Rites of Return: Diaspora Poetics and the Politics of Memory

Overview

The first decade of the twenty-first century witnessed a passionate engagement with the losses of the past. Rites of Return examines the effects of this legacy of historical injustice and documented suffering on the politics of the present. Twenty-four writers, historians, literary and cultural critics, anthropologists and sociologists, visual artists, legal scholars, and curators grapple with our contemporary ethical endeavor to redress enduring inequities and retrieve lost histories. Mapping bold and ...

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Rites of Return: Diaspora Poetics and the Politics of Memory

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Overview

The first decade of the twenty-first century witnessed a passionate engagement with the losses of the past. Rites of Return examines the effects of this legacy of historical injustice and documented suffering on the politics of the present. Twenty-four writers, historians, literary and cultural critics, anthropologists and sociologists, visual artists, legal scholars, and curators grapple with our contemporary ethical endeavor to redress enduring inequities and retrieve lost histories. Mapping bold and broad-based responses to past injury across Eastern Europe, Africa, Latin America, Australia, the Middle East, and the United States, Rites of Return examines new technologies of genetic and genealogical research, memoirs about lost family histories, the popularity of roots-seeking journeys, organized trauma tourism at sites of atrocity and new Museums of Conscience, and profound connections between social rites and political and legal rights of return.

Contributors include: Lila Abu-Lughod, Columbia University; Nadia Abu El-Haj, Barnard College; Elazar Barkan, Columbia University; Svetlana Boym, Harvard University; Saidiya Hartman, Columbia University; Amira Hass, journalist; Jarrod Hayes, University of Michigan; Marianne Hirsch, Columbia University; Eva Hoffman, writer; Margaret Homans, Yale University; Rosanne Kennedy, Australian National University; Daniel Mendelsohn, writer; Susan Meiselas, photographer; Nancy K. Miller, CUNY Graduate Center; Alondra Nelson, Columbia University; Jay Prosser, University of Leeds; Liz Sevchenko, Coalition of Museums of Conscience; Leo Spitzer, Dartmouth College; Marita Sturken New York University; Diana Taylor, New York University; Patricia J. Williams, Columbia University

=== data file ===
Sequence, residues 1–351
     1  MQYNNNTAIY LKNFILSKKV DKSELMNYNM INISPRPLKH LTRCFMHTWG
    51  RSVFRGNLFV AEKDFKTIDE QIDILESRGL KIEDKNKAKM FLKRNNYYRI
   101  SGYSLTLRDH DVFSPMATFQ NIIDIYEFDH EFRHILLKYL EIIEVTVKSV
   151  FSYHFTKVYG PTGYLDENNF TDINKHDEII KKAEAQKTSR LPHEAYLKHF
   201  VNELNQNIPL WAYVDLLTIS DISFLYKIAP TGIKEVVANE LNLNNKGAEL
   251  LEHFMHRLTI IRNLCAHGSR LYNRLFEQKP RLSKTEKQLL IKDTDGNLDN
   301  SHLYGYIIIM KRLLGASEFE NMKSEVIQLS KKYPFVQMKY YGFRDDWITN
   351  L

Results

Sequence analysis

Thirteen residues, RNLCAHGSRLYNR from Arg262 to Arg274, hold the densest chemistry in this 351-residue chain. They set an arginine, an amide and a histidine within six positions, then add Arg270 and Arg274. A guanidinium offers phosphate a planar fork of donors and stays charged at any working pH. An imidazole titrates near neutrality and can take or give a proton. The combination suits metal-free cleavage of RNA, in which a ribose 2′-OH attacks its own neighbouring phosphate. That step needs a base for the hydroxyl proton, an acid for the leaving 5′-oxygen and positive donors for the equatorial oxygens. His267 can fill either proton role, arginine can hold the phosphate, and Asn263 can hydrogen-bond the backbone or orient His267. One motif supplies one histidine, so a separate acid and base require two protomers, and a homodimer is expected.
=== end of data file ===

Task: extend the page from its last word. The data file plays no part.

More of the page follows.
Columbia University Press

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Editorial Reviews

Francoise Lionnet
This broad-ranging collection brings into focus a set of approaches—techno-scientific, personal, and global — that add to the ever-compelling topics of identity, rootedness, mobility, and return. With its fascinating new perspectives, this book demonstrates the importance of memory studies for a better understanding of the future.
Françoise Lionnet

This broad-ranging collection brings into focus a set of approaches—techno-scientific, personal, and global -- that add to the ever-compelling topics of identity, rootedness, mobility, and return. With its fascinating new perspectives, this book demonstrates the importance of memory studies for a better understanding of the future.

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Product Details

  • ISBN-13: 9780231150903
  • Publisher: Columbia University Press
  • Publication date: 11/29/2011
  • Series: Gender and Culture Series
  • Pages: 328
  • Product dimensions: 6.10 (w) x 9.10 (h) x 0.90 (d)

Meet the Author

Marianne Hirsch is William Peterfield Trent Professor of English and Comparative Literature and Gender Studies at Columbia University. Her most recent books are Ghosts of Home: The Afterlife of Czernowitz in Jewish Memory, written with Leo Spitzer, and The Generation of Postmemory: Writing and Visual Culture After the Holocaust.

Nancy K. Miller is Distinguished Professor of English and Comparative Literature at the Graduate Center, City University of New York. Her most recent books are But Enough About Me: Why We Read Other People's Lives and the family memoir, What They Saved: Pieces of a Jewish Past.

Columbia University Press

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Table of Contents

PrefaceIntroductionMarianne Hirsch and Nancy K. Miller1 Tangled Roots and New Genealogies1. The Factness of Diaspora: The Social Sources of Genetic GenealogyAlondra Nelson2. Jews -- Lost and Found: Genetic History and the Evidentiary Terrain of RecognitionNadia Abu El-Haj3. The Web and The Reunion: http://czernowitz.ehpes.comMarianne Hirsch and Leo Spitzer4. Queering Roots, Queering DiasporaJarrod Hayes5. Indigenous Australian Arts of Return: Mediating Perverse ArchivesRosanne Kennedy2 Genres of Return6. Memoirs of ReturnSaidiya Hartman, Eva Hoffman, Daniel Mendelsohn in Conversation with Nancy K. Miller7. Return to Half-Ruins: Fathers and Daughters, Memory and History in PalestineLila Abu-Lughod8. Singing with the Taxi Driver: From Bollywood to BabylonJay Prosser9. Off-Modern Homecoming in Art and TheorySvetlana Boym10. Return to Nicaragua: The Aftermath of HopeSusan Meiselas3 Rights of Return11. Between Two ReturnsAmira Hass12. Adoption and Return: Transnational Genealogies, Maternal LegaciesMargaret Homans13. Foreign CorrespondenceSonali Thakkar14. "O Give Me a Home"Patricia J. Williams, with Images by Keith Calhoun and Chandra McCormick15. The Politics of Return: When Rights Become RitesElazar Barkan4 Sites of Return and the New Tourism of Witness16. Sites of Conscience: Lighting Up Dark TourismLiz ?ev?enko17. Kishinev Redux: Pogrom, Purim, PatrimonyNancy K. Miller18. Trauma as Durational Performance: A Return to Dark SitesDiana Taylor19. Pilgrimages, Reenactment, and Souvenirs: Modes of Memory TourismMarita SturkenContributorsIndex

Columbia University Press

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